June 06, 2008

ACLU update on the border fence

Something in the Water at the Heritage Foundation?

James Carafano has been blogging on the Heritage Foundation’s “The Foundry” this week on his trip to our southern border. Carafano has been mighty impressed with all the potential benefits of increased border security. Specifically, Carafano believes it will protect the environment, even though Defenders of Wildlife has warned that the erection of a border fence will have “serious and lasting” effects on wildlife, clean water and clean air in the region. He’s also convinced it will reduce human fatalities, even though over 200 people die on the border each year, mostly from exposure, while the rate of illegal immigration remains steady.

But today’s post is a real humdinger. Titled “Virtual Fences Can Help Make Real Good Neighbors,” it praises the rollout of “Project 28,” part of the Department of Homeland Security’s initiative to create a “virtual fence” of video surveillance, motion sensors and other nifty gadgets along 28 miles of the Arizona-Mexico border. But as the Government Accountability Office and The Washington Post reported in February, Project 28 has been an utter fiasco. None of the technology has worked, and DHS decided to scrap the pilot project (they are now trying again with newer, fancier equipment).

However, even if the technology had worked, it’s not clear the program would have. Residents of Arivaca, Ariz., an unincorporated town nearby on of Project 28’s video surveillance towers, complained that while DHS reported the tower’s field of vision was only about 10 miles, the agency had placed it right next to the town, which happens to be 12 miles from the border. The potential for the federal government to spy on American citizens was real; the impact on border security, not so much.

But forget the fact that Project 28 is a complete boondoggle for a moment (Carafano admits that in addition to suffering from “bad publicity,” nobody at DHS bothered to ask the Border Patrol what they actually needed). The virtual fence is also one of the largest government gravy trains out there, and the main beneficiary has been Boeing Corp. Boeing got the original contract to install Project 28, and despite its failure to build something that works for more that $860 million in taxpayer dollars, DHS keeps offering the company new contracts. Just last month, it was announced that Boeing would be asked to build on its “experience” with Project 28 to construct two new sections of virtual fence in Arizona and Michigan.

Now to return to our friends at Heritage: Why would a think tank that advocates for limited government, free enterprise and strong national defense support a program that is massively expensive to taxpayers, invades the privacy of local residents, and amounts to a handout to a company that has repeatedly failed to secure our borders? A massive buildup of surveillance technology at the border is the kind of cash cow that fiscal conservatives and civil libertarians should be united in opposing. We’re eagerly waiting to welcome our friends at Heritage to the right side of the (virtual) fence.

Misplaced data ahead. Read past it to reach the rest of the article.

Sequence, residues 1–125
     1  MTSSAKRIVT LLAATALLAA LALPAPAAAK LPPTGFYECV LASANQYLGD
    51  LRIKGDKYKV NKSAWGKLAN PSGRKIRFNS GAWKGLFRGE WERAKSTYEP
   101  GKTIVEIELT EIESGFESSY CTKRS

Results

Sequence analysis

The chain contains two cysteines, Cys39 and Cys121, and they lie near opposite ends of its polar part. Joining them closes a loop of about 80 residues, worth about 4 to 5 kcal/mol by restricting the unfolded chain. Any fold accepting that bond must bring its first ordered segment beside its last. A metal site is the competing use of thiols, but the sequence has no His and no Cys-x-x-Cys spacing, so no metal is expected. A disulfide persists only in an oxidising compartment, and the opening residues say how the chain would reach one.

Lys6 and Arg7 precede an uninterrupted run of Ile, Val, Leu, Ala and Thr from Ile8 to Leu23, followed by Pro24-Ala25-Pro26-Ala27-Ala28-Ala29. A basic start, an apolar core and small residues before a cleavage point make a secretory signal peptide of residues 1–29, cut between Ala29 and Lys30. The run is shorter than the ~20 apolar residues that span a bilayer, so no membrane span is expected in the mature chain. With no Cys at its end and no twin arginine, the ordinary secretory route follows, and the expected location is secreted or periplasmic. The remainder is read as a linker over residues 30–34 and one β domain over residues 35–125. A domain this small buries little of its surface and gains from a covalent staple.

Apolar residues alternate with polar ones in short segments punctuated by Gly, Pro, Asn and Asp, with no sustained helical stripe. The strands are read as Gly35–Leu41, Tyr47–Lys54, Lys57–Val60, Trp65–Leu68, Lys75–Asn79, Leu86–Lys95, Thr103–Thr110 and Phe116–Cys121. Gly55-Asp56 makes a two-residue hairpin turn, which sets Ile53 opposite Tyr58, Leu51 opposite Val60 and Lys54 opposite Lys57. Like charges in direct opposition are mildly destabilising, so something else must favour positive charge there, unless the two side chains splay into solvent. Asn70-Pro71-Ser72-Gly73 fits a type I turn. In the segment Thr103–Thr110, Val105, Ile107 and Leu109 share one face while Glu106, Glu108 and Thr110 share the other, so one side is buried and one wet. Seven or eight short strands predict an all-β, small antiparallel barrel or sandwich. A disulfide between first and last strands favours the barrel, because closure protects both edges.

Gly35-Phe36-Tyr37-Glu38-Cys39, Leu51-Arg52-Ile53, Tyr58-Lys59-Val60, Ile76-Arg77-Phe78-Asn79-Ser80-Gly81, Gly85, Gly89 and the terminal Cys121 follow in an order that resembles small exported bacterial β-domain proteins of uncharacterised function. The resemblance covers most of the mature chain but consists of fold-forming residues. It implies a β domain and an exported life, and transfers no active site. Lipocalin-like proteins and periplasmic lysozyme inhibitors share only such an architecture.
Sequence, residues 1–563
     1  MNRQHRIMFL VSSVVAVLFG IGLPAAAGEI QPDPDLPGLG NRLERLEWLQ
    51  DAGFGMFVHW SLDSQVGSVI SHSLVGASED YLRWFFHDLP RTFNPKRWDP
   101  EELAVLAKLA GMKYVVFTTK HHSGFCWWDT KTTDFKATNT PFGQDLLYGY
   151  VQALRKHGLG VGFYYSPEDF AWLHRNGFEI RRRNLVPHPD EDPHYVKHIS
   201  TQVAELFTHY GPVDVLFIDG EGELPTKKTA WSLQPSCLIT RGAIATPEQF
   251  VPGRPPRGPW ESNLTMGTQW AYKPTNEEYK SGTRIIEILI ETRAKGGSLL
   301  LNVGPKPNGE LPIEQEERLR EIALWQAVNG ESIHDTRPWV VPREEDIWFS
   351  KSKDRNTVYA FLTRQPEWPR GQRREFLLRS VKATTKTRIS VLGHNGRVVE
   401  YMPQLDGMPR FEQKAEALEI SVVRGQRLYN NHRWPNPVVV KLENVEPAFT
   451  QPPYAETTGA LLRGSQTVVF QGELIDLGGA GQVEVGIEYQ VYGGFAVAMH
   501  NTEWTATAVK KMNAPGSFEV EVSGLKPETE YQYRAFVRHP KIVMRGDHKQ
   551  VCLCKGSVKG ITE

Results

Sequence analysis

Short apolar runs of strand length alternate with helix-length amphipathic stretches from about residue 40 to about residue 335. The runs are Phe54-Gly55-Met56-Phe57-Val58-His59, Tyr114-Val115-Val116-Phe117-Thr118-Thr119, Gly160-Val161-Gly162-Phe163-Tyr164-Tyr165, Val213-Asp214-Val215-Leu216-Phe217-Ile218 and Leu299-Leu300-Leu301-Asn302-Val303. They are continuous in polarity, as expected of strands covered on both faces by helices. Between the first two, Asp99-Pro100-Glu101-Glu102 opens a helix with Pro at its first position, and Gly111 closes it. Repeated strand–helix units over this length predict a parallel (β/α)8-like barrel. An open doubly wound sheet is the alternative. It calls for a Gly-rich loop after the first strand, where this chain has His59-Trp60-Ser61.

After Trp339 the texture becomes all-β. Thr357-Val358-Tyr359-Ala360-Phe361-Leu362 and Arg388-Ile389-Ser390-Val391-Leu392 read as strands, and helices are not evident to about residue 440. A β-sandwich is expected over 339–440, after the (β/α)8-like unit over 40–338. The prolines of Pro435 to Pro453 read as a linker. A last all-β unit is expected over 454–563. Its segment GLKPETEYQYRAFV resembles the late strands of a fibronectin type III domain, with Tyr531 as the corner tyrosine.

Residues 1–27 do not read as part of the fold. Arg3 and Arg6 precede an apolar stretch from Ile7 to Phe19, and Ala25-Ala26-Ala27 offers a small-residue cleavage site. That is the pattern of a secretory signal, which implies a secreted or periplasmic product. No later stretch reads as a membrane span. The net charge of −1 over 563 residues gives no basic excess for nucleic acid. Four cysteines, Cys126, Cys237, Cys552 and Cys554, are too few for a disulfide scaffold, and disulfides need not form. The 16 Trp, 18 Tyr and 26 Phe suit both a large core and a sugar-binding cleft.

1. esb Says:

    Why would an American “civil liberties” group discuss an issue that doesn’t seem to have much to do with civil liberties? Would you consider, perhaps, instead of arguing for the “civil liberties” (I’m sure you would somehow explain that they do, indeed, exist) of people trying to illegally enter our country you could defend the 2nd Amendment from extinction?

  2. lokywoky Says:

    All this fence stuff is a bunch of crap. What is needed instead is good diplomacy, repeal and/or modifications in NAFTA to prohibit our subsidized agricultural megacorporations (Monsanto, etal) from dumping corn (especially GMO corn) on community markets. We need to help Mexico address its development issues, help them turn their economy around (using sustainable farming and recognizing that subsistence farming is not a dirty word), and make things better for the people there. If they could make a decent living - they would not come here for the most part. They are actually economic refugees.
    My son-in-law runs a day-labor firm in the south, he says 90% of his workers come here, stay for about 3-4 years - or long enough to save up about $25,000 (in addition to sending money home) and then return to their country of origin. That sum of money is enough to build a nice house (their standards) and provide enough income for their family to live satisfactorily for the rest of their lives.

    Man - we would be better off to just stand at the border and hand them the money - it would be cheaper and much more efficient than these stupid fences, the cost of the border patrol, the cost of the ICE and its raids and detention centers, etc etc etc.

    What a concept! Stop the problem at its source instead of trying to criminalize it on the back end.

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